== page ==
Boastful or Blessed?

Handling the guilt of success during hard times

BUSSucessWomanOne person’s success can be another’s resentment.

“I sent an announcement to my e-mail group when I got a raise, and one girl asked me not to share when some members didn’t have jobs,” recalls Brittany Miller, whose first raise of the year during this recessionary period nearly ended some of her relationships.  “She said I was being ‘too boastful.’”

Hurt and confused, Miller, who lives and works in the Washington, D.C. area as a finance specialist with a leading communications company, retreated from the group altogether and kept further successes to herself. But surprisingly, the 24-year-old isn’t the only one feeling the pinch.

A recent study from Leadership IQ, a research company in Marietta, Georgia, polled more than 4,000 people who have kept their jobs after corporate cutbacks and found that 62% of them feel guilty, anxious, and angry following company layoffs. “When you are affluent while so many are not, you might feel guilty that you’re not suffering the way everyone else is,” says Alduan Tartt, a psychologist in Decatur, Georgia. “But you worked hard for your success. You should feel blessed that you’re in a position to help.”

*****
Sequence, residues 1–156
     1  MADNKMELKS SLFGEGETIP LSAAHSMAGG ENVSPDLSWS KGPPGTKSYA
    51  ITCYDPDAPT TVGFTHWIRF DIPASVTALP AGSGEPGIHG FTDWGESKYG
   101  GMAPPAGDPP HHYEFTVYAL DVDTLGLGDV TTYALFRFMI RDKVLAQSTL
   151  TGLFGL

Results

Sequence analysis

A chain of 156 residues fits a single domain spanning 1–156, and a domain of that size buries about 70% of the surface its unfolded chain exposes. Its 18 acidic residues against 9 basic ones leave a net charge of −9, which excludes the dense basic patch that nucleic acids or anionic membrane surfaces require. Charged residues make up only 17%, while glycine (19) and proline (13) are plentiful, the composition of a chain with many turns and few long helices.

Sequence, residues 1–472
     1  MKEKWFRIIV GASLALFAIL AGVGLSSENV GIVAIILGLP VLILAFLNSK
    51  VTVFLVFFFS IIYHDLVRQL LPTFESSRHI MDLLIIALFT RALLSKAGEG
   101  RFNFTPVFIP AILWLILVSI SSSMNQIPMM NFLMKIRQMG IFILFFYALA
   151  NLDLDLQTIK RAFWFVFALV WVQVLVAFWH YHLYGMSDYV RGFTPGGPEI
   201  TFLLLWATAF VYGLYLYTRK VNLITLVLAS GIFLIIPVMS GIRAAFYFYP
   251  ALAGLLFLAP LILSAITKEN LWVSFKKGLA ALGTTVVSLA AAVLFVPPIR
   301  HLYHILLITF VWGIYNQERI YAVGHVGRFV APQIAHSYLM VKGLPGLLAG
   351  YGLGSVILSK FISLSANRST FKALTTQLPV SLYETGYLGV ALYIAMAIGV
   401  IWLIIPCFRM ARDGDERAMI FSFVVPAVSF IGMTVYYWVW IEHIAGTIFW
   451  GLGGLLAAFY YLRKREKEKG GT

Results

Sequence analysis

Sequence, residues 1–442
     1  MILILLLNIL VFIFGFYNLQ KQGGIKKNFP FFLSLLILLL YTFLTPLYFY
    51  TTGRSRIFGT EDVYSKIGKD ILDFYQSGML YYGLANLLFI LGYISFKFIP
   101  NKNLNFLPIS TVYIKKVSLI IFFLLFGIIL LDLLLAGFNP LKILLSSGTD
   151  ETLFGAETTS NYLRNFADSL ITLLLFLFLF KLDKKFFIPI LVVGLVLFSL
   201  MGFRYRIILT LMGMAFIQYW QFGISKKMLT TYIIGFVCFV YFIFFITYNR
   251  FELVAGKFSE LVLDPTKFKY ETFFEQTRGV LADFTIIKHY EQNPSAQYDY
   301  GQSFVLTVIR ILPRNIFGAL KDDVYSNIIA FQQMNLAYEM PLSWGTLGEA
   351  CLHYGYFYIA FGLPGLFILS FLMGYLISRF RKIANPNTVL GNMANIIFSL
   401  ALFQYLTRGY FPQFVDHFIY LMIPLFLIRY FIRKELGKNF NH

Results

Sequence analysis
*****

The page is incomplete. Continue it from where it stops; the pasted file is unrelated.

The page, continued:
Though your first instinct may be to pull away, Tartt says that the best way to allay your guilt is to reach out to your loved ones. “Guilt is caused by a lack of a sense of power. But you do have power,” he says. “You have the power to help [others] by reviewing resumes, introducing them to people in your network, inviting them with you to networking events, and brainstorming with them.”

Tartt also says it’s important to comfort those who have lost their jobs. “When friends are let go, contact them immediately, set up lunch dates, and help them think about what their next move is going to be. Remember: Friends don’t want your guilt, they want your support.”

That’s advice Miller is now following. She’s reconnecting with her friends and even returned to the e-mail group, where she critiques résumés and posts job listings. In the end, Miller offers her own advice: “It’s okay to feel good about yourself and at the same time feel bad for others. Just don’t allow guilt to take over your happiness.”

For more information on managing your relationships during these tough times, check out the October 2009 issue of Black Enterprise.

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  • http://www.rgcsolutions.com Angel Nix

    “Survivors Syndrome” is a real life concept experienced by those that keep their jobs after layoffs occur. Within an organization, the survivors are not only feeling guilt but they are often hit with heavier workloads and more demanding schedules. Many survivors also work with the stress and the fear that they will be in the next cycle of layoffs. They are viewed as “the fortunate ones” but they need support and encouragement too. This is a difficult time on both sides of the coin therefore unity is critical moving forward.

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